The Star and RNZ on raised flood levels #SouthDunedin

The Star 23.6.16 (page 9)

[click to enlarge]
The Star 23.6.16 Tense moments at South D meeting p9 [water insert]

### radionz.co.nz 8:45 am on 21 June 2016
RNZ News
Dunedin council concedes flood worsened by faulty pumping station
By Ian Telfer in South Dunedin
Dunedin City Council has admitted a faulty pumping station made last year’s South Dunedin flood 20cm deeper than it would have otherwise been. The Council made the admission at a rowdy public meeting at the Nations Church last night about the flooding a year ago which damaged 1200 homes and businesses. Chief executive Sue Bidrose […] made a major concession, saying the council now accepted a key pumping station was blocked, adding an extra 20cm of water to the area. […] Shortly after the flooding, Mr Cull linked the event to climate change and warned South Dunedin may have to beat a managed retreat. Local woman Kathinka Nordal Stene said she was shocked Mr Cull undermined the community at the time when it most needed his support. She said the future of South Dunedin had become a major election issue, on which Mr Cull would be judged. Mr Cull was not at the meeting because he was visiting China. […] Leaders of the newly formed South Dunedin Action Group accused the council and its leaders of having a secret plan to abandon the suburb and blame it on climate change.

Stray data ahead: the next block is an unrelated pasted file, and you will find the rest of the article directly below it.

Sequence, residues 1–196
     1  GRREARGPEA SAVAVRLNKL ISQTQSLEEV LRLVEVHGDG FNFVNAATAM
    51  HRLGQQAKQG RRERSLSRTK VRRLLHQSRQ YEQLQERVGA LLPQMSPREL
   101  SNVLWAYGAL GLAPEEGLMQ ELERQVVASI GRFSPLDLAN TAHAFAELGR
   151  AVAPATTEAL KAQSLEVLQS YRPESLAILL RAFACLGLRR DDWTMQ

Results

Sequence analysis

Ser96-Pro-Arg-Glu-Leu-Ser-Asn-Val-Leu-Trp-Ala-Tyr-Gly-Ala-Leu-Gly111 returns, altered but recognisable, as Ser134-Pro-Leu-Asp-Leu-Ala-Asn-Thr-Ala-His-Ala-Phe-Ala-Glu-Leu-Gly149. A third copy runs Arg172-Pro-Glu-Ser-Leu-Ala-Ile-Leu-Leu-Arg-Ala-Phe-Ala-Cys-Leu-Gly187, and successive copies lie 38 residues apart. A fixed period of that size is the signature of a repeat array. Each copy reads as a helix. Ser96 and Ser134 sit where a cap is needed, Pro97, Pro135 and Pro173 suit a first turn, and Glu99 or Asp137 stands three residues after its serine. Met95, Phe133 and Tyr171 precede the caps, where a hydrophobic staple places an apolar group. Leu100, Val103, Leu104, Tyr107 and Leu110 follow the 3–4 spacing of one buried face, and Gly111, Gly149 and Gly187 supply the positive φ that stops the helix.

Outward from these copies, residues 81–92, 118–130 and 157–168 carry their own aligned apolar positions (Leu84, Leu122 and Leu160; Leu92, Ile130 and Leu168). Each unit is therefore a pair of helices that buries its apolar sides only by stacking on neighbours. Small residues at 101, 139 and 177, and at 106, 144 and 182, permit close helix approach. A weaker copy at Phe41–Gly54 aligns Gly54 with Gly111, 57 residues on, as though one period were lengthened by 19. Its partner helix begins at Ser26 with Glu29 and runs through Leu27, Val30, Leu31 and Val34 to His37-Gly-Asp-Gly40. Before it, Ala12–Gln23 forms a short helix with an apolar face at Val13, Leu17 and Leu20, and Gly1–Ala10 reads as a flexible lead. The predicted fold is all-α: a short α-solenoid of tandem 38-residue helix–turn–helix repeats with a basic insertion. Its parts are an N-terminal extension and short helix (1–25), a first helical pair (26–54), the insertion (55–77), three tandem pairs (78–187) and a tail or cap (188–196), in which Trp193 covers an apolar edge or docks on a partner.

RNZ Link

23.6.16 Ch39: Candidates using flooding for political gain (+ Video)
21.6.15 ODT: Anger about South Dunedin’s future

Related Posts and Comments:
● 23.6.16 Sa pièce de résistance @ #DUD
● 21.6.16 Mayoral Statement to South Dunedin
● 20.6.16 Public Meeting: South Dunedin Action Group #tonight
18.6.16 South Dunedin stormwater pipes —getting past the desktop ICMP
● 17.6.16 So we’re going to play it this way #SouthDunedinFlood
● 16.6.16 Public Meeting: South Dunedin Action Group #AllWelcome
● 6.6.16 Listener June 11-17 2016 : Revisiting distress and mismanagement
6.5.16 South Dunedin Action Group: Notes of meeting with DCC (3 May 2016)
14.4.16 South Dunedin flood risk boosters #ClimateChangeCrap #PissOffPCE
26.2.16 Mudtanks and drains + Notice of Public Meeting #SouthDunedinFlood
● 31.12.15 2016, have mercy !@$#%^&*
10.4.15 DCC: Natural Hazards

*Bullet points indicate comments entered after the public meeting 20 June.

█ For more, enter the terms *flood*, *sea level rise*, *stormwater*, *hazard*, *johnstone*, *hendry*, *south dunedin action group*, *debriefing notes* or *listener* in the search box at right.

Posted by Elizabeth Kerr

Election Year. This post is offered in the public interest.

Advertisements

9 Comments